ἀρτοφαγέουσι δὲ ἐκ τῶν ὀλυρέων ποιεῦντες ἄρτους, τοὺς ἐκεῖνοι κυλλήστις ὀνομάζουσι. οἴνῳ δὲ ἐκ κριθέων πεποιημένῳ διαχρέωνται: οὐ γάρ σφι εἰσὶ ἐν τῇ χώρῃ ἄμπελοι.
They eat bread that is made from a kind of wheat, which they call “cyllestis.” They use a wine made from barley: for there are no grape vines in their land.
Herodotus describes the Egyptians. Included among this description are a few remarks on their dietary predilections.
In this passage, Herodotus does not use a specific word (like zythos) for “beer.” Instead, he describes it with the more general term “wine from barley” or “barley wine.” This is similar to Xenophon’s use of Oἶνος κρίθινος when he discusses his travels in Armenia. Two centuries earlier, Archilochus uses a specific word for beer (“brutos”) in reference to the Scythian/Phrygian brew. Hecataeus also uses, brutos, during the same century as Herodotus for the barley beverage of the Paeonians (much more on Hecataeus is coming this week!). In that same passage, though, Hecataeus declines to use (or is ignorant of?) a specific word for the Egyptian variety of beer; he simply states that the Egyptians are bread eaters who grind barley into a drink. It seems that “Bread eaters” was a sick burn in the fifth c. BCE.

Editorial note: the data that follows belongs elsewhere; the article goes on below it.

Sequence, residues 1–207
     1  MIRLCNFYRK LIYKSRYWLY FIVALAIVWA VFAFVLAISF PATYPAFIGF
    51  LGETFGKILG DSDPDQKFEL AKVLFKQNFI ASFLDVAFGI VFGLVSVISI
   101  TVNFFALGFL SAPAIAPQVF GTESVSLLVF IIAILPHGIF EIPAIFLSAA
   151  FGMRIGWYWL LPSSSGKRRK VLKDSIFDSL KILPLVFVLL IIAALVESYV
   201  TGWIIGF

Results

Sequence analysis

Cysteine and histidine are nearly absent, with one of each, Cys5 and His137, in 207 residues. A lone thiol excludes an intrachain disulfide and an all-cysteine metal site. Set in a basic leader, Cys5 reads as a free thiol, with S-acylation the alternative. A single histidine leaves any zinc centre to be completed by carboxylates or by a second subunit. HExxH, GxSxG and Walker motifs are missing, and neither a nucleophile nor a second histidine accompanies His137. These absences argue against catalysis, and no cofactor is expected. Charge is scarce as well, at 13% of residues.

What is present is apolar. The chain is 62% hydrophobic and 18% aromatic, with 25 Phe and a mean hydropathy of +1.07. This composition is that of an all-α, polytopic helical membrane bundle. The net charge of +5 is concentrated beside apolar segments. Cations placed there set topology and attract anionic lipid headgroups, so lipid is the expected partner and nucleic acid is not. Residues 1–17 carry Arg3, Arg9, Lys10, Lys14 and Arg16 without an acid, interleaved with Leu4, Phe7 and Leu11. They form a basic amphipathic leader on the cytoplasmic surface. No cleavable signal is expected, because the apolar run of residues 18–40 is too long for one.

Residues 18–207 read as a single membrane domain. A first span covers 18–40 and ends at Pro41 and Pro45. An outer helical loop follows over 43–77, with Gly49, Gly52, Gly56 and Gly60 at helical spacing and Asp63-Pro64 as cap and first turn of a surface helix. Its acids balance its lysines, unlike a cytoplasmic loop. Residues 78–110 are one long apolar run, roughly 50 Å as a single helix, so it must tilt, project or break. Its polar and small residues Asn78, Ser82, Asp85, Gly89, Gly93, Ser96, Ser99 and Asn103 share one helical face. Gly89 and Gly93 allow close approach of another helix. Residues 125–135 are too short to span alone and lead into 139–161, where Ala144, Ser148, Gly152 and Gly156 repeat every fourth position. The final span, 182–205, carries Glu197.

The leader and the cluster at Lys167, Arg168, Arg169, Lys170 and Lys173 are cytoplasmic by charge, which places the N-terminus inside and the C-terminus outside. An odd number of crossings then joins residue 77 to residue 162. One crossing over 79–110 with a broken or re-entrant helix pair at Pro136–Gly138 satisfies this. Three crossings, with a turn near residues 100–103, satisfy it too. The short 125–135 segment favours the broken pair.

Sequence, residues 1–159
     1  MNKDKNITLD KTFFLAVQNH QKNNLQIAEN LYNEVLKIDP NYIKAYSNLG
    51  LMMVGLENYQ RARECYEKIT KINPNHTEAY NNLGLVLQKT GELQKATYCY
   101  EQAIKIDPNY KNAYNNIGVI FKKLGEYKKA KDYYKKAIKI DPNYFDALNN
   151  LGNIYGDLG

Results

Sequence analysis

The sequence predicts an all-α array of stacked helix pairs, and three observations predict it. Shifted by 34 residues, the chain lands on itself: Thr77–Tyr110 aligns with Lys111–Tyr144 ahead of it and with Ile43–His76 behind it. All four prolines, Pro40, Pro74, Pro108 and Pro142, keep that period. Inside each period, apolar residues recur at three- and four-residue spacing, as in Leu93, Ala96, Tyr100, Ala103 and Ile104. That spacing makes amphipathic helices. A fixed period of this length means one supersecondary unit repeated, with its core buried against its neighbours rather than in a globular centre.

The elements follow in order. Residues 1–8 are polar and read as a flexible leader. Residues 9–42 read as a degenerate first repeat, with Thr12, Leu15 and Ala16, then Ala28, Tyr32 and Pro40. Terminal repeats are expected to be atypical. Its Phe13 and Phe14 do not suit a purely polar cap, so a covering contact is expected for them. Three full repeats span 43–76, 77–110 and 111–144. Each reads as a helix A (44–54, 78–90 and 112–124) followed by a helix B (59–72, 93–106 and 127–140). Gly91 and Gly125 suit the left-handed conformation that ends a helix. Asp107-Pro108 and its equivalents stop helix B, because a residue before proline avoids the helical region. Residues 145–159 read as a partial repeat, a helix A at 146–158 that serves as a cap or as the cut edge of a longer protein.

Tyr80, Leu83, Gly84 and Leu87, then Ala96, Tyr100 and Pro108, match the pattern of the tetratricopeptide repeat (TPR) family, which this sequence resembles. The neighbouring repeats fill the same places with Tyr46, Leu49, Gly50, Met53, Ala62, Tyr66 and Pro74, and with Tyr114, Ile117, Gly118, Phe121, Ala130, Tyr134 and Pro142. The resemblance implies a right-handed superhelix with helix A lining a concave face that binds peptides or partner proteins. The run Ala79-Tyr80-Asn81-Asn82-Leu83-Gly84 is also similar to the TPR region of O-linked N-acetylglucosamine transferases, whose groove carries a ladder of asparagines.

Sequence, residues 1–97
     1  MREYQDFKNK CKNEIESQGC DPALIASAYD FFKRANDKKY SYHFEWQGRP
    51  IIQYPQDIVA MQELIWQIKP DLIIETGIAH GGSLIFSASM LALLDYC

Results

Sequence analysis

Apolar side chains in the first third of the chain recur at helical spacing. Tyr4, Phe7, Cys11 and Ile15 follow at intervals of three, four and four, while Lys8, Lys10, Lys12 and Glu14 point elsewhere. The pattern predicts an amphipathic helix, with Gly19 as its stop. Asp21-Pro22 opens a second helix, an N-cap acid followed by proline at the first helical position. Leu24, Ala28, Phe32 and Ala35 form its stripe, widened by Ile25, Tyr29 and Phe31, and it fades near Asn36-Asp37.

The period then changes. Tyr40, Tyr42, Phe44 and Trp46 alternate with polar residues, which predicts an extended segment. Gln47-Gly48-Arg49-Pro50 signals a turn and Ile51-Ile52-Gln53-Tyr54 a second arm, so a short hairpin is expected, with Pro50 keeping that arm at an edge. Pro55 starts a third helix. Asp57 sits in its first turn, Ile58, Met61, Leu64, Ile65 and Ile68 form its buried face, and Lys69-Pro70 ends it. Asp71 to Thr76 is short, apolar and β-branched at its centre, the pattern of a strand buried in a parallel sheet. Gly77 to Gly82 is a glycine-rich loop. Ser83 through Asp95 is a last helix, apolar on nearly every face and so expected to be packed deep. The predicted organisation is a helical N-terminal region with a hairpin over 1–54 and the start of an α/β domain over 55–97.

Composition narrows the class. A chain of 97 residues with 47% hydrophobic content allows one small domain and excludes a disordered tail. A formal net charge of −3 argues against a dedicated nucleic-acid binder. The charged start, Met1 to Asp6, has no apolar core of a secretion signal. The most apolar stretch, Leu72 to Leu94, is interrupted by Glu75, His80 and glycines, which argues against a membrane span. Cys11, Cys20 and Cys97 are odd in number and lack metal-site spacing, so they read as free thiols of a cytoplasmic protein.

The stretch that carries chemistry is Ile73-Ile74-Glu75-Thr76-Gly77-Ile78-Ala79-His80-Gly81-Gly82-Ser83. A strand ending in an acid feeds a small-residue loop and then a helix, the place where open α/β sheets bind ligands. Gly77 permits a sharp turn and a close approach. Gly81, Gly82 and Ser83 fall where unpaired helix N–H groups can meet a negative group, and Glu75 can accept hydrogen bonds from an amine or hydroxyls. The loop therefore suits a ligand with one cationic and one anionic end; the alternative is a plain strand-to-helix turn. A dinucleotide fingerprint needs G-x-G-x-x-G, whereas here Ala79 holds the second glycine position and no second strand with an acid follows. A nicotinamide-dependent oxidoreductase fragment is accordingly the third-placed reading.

Nelson points out that Herodotus employs an environmental explanation for the alcoholic preferences of the Egyptians (Nelson 2001, 209-212). The Egyptians drink “wine from barley” simply because there are no grapes in Egypt. Although Herodotus does not denigrate the consumption of beer, he implies that the wine is the more natural and enjoyable drink.
Herodotus (ca. 484-425 BCE)
Herodotus is the first historian. His book, The Histories, is primarily about the Persian Wars. Y’know – the movie “300?”
Nelson, M.C. 2001. “Beer in Greco-Roman Antiquity.” Ph.D. dissertation, the University of British Columbia.
WikimediaCommons, Metropolitan Museum of Art’s Department of Greek and Roman Art, Acc. No. 91.8. Photographed by Marie-Lan Nguyen